The most common use for drywall joint compound, or "mud," is to fill the joints between installed drywall panels to create smooth, flat walls. Not only is the mud valuable as a filler, it is a bonding agent that adheres to nearly any porous surface. In some commercial applications, builders install plywood walls and then skim-coat the wood panels with drywall mud for a Southwestern stucco look or for hand-troweled Old World appeal. You can do the same thing at home.
Acceptable Types of Wood
You can apply drywall mud to any rough-grain wood surface. Plywood or oriented strand board (OSB) are good choices, but the mud will also stick to painted wood, as long as the paint is flat and not glossy. Drywall mud is not intended for outdoor use, so don't skim-coat a garden shed. By the same token, do not apply the mud to wood that will come into direct contact with water indoors, such as a kitchen backsplash or a plywood bathtub surround.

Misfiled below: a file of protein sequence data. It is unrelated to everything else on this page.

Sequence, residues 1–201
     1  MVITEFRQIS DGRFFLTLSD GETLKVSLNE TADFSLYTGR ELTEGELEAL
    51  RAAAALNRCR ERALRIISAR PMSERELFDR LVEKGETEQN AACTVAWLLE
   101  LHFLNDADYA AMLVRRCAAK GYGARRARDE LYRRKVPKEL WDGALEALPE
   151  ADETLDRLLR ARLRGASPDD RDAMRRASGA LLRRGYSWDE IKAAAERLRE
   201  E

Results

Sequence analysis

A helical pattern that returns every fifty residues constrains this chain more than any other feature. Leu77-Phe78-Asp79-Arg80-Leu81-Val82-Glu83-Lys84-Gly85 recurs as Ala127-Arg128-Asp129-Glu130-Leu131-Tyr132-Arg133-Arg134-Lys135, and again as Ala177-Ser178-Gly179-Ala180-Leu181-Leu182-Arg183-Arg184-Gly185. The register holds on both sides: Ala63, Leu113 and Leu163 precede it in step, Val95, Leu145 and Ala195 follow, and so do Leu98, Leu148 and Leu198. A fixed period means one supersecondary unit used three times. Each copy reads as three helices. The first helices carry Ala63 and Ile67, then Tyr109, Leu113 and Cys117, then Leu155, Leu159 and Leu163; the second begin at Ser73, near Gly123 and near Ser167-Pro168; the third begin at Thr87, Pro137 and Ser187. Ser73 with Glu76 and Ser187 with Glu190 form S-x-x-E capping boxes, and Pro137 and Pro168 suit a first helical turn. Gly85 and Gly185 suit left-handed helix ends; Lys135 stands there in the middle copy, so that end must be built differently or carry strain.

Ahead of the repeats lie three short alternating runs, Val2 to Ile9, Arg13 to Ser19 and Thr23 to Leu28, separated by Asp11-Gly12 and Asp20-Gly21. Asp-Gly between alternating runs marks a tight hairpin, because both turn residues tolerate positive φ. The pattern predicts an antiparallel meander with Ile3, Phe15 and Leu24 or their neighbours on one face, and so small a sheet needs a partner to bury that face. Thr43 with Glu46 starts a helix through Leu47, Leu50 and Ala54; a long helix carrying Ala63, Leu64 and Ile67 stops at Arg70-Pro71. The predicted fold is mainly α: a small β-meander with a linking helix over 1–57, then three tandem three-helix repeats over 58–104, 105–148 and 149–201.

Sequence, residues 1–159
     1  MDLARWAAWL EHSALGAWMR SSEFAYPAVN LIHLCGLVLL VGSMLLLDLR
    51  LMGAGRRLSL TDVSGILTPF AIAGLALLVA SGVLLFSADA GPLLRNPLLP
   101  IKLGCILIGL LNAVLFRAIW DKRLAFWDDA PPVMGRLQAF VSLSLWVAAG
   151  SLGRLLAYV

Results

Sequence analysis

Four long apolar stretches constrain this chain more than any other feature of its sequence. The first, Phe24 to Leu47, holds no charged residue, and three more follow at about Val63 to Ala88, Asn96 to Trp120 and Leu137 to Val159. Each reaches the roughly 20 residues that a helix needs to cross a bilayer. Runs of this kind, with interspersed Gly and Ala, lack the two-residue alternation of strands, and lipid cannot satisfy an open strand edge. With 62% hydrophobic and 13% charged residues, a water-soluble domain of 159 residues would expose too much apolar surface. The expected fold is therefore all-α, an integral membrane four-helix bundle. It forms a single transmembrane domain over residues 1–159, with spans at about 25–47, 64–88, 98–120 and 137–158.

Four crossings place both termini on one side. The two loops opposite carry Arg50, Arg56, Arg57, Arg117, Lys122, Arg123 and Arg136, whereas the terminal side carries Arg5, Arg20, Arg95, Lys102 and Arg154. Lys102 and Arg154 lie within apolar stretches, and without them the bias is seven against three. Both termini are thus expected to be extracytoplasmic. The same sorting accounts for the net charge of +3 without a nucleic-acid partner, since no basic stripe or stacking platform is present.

Drywall mud comes in dry and premixed products, with the premixed mud being more expensive, but much easier to apply. You can apply the mud by hand with a trowel as craftsmen once applied plaster to cover wood laths to form walls, but the quickest way is to thin the mud and roll it on with a paint roller. If you don't want the wood beneath to show through, you'll have to roll on two or more thin coats of mud, letting the first coat dry completely before rolling on the second coat.
Creating Texture Designs
Drywall mud offers infinite design potential. Once the base coat dries and you sand off the rough spots with a drywall sander, you can add texture to the surface. This requires another coat of mud. While the mud is still wet, you can smack it with a slap brush to create a stippled effect or use a putty knife to create a swirled pattern. If you roll the texture coat on thickly, you can wait until the bumpy surface begins to dry and then lightly pull a trowel over just the tips of the texture to make a "knockdown" effect. Practice your design technique on a scrap of plywood before applying it to a large area.
Wood moves more than drywall does because it can swell in high humidity or contract as it dries. Joints between wood panels should be taped just like joints between drywall panels to reduce the risk of cracking in the seams. If the wood does move, it's likely that cracks will appear in the surface of the dried compound.